Overall, the program was not at all like what I expected. The only other grafting program I've ever been to is John Panzarella's annual grafting class in Lake Jackson, where a few grafting techniques are demonstrated, and then everyone gets to try to do it themselves to gain some hands on experience. I guess I just assumed that this would be very similar, which is why I hauled so many rootstocks down there. Of course, I had to leave before the program ended, so people may have had the chance to try their hands at grafting after all. I would have liked to have stayed until the end, but the presentations were still going strong at 8:45 pm. Dr. Wife was home alone with some really cranky kids, I had work the next morning, and it looked like the program might go on to 10 o'clock or later, so I had to call it a night. I feel bad that I had to leave when I did because I hated to leave a bunch of plants for someone else to have to deal with, and I had told one gentleman that I would help him graft his rootstock to a Cara Cara. I really hope that Dr. Natelson or George were able to to it for him, and that everyone that wanted some rootstocks to practice on was able to take some home.
The masters explaining the tools of the trade.
George McAfee demonstrating how to cut a scion.
George McAfee demonstrating a cleft graft.
Rootstocks I brought to share. Hope they all found homes!
Poncho avocado in 30-gallon pot.
Dr. Wife and I have a treaty which states that I can plant whatever I want so long as I don't take up any more yard space than I already have. So back in March 2011 when I came home from Plants for All Seasons with two avocado trees, I wasn't sure where I would put them at first. Since I didn't have any more yard space, I decided to plant my new avocado trees in big 30-gallon pots up against our big pine trees. I would have liked to plant them in the ground here, but the big roots of the pines made it very difficult to dig, and the drainage in that area is relatively poor. I had tried growing Mexicola Grande, Lila, and Fuerte in that general area, and they all died from poor drainage, freezes, sunburn, or a combination of the three. Planting in big pots would ensure good drainage, the pines would help shade the avocados, and I could stay on good terms with Dr. Wife.
On field trips to John Panzarella's and at Devine Avocados, I had seen avocado and citrus trees that had escaped their pots, and taken root in the surrounding native soil. Hoping my trees might do the same, I sneakily cut some holes in the bottoms of the pots when I planted the trees, and buried the pots an inch or two into the ground. Well, It's been almost two years since I planted those trees (Brazos Belle and Poncho), and in that time they've grown like crazy. They really took off when I hooked them up to the automatic drip system in my greenhouse, and they started to get smaller applications of water every day instead of deep waterings once or twice a week. I knew that at this rate they would soon outgrow their 30-gallon pots, and that if I wanted their roots to escape to the freedom of the native soil, I would have to help break them out.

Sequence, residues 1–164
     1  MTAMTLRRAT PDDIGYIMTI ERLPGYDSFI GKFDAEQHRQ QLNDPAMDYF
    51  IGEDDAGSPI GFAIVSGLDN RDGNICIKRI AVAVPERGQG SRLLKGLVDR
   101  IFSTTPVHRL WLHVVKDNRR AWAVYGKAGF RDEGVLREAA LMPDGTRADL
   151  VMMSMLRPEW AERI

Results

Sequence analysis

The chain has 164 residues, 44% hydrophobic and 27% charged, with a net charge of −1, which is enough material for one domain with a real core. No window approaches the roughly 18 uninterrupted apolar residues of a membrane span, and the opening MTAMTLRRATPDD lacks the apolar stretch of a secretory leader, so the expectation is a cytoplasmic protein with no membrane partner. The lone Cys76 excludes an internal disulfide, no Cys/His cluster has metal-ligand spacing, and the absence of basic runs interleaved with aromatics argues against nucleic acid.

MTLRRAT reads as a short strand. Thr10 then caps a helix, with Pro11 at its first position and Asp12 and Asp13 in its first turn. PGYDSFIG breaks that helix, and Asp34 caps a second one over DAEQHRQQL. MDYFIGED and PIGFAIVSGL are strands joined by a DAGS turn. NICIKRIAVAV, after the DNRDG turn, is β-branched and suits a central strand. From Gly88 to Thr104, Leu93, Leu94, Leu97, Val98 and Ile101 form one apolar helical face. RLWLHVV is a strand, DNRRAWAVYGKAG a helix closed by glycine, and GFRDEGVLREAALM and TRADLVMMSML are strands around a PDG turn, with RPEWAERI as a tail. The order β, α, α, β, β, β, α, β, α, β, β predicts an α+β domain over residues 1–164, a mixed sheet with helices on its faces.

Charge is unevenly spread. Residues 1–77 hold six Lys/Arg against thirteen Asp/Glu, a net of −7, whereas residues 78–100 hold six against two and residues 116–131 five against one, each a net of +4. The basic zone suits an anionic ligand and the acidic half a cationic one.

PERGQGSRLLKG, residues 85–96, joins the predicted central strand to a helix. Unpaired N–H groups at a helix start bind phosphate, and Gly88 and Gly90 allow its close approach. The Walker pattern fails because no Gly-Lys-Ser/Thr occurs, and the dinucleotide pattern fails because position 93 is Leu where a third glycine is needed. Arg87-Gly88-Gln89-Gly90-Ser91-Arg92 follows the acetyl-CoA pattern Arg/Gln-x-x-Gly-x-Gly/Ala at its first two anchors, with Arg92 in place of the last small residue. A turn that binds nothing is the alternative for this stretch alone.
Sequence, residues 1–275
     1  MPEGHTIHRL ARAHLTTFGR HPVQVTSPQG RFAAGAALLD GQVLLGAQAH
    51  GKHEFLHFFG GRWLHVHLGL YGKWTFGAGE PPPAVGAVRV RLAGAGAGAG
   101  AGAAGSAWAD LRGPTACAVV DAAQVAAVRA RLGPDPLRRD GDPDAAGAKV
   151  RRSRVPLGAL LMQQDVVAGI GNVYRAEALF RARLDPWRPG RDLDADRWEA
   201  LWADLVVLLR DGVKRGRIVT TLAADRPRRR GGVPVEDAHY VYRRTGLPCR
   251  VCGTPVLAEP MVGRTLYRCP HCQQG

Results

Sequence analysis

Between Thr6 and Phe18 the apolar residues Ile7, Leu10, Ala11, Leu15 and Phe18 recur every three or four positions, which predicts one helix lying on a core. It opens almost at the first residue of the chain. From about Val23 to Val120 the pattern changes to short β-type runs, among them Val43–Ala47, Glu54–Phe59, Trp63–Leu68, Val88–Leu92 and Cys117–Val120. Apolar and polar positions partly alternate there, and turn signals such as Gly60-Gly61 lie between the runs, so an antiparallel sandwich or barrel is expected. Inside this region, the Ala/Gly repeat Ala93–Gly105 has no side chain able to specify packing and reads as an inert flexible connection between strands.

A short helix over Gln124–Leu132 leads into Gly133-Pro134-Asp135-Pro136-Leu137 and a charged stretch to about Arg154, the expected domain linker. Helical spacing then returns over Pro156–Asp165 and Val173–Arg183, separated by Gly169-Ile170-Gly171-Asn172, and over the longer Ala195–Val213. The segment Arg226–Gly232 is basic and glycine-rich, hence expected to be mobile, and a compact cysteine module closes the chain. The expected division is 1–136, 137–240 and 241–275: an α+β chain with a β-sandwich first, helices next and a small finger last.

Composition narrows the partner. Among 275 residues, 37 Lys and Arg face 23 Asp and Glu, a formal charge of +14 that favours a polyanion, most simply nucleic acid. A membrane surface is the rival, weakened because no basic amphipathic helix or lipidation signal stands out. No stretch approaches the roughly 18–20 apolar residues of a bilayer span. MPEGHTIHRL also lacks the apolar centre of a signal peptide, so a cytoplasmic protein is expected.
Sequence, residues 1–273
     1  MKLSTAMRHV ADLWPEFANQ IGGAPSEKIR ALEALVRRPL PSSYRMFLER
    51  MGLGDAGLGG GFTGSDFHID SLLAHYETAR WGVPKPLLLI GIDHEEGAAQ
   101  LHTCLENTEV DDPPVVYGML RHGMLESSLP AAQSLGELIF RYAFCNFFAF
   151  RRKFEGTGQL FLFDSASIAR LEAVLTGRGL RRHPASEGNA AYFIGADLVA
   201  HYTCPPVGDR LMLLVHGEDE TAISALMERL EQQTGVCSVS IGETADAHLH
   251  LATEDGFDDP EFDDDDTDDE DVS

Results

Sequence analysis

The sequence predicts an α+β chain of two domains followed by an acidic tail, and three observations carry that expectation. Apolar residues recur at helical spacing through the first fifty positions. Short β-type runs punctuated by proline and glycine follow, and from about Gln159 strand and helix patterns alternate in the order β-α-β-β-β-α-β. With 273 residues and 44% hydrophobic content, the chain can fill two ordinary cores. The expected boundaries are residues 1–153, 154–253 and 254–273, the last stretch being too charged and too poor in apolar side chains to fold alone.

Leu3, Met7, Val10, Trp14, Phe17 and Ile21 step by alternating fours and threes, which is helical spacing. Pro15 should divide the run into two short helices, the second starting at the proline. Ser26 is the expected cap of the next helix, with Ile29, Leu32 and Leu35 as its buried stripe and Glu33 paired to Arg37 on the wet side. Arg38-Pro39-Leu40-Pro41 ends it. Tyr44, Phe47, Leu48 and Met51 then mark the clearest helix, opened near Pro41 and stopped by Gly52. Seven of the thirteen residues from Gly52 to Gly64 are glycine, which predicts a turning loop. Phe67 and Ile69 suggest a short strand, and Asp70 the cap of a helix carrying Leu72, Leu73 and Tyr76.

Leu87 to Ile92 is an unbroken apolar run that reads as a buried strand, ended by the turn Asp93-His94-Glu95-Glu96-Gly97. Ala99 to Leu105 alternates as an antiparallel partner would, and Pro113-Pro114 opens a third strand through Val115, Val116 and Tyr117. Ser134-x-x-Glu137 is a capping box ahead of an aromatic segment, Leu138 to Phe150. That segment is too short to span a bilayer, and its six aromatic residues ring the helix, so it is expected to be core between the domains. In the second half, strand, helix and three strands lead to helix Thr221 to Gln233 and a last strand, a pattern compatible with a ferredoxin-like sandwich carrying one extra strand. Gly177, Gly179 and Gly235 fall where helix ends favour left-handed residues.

First, Boy #1 and I took a little side trip to a place I know with lots of good sandy topsoil, and dug and dug until we had 12 5-gallon buckets full of dirt. We hauled it all home and lugged it to the back yard. I pulled back all the mulch and pine needles from around the pots, and did my best to rough up the soil around them. Then using a sharp utility knife, I cut square holes approximately 3-inches by 3-inches all the way around the bottom of the pots. Healthy bright-white roots were clearly visible encircling the pots, and I did my best not to slice them as I cut the plastic. I also tried to loosen up the soil and gently tease out the roots out of the holes using a garden hose and my fingers.
Once the holes were cut, Boy #1 and I began banking the sandy topsoil around the pots; six buckets of soil for each tree. As we worked, we mixed the topsoil with MicroLife 6-2-4, composted kitchen scraps, and a little humate to help encourage the avocado roots to escape. The 30 gallons of topsoil we placed around each tree resulted in a nice donut-shaped raised bed around each pot, approximately 6-inches deep and a foot or so wide. Finally, we covered the topsoil with several inches of leaves and pine needles, and watered it down. Hopefully, as fertilizer and water from the drip system drain out of the new holes and into the banked topsoil, the roots will follow and eventually take hold in the native soil.
Boy #1 helping me dig up 12 5-gallon buckets of sandy topsoil.
30-gallon pot set a couple inches into the ground.
Holes cut along the bottom of the pot.
Roots ready to make a break for it!
Sandy topsoil banked around pot.
Boy #1 throwing down some MicroLife 6-24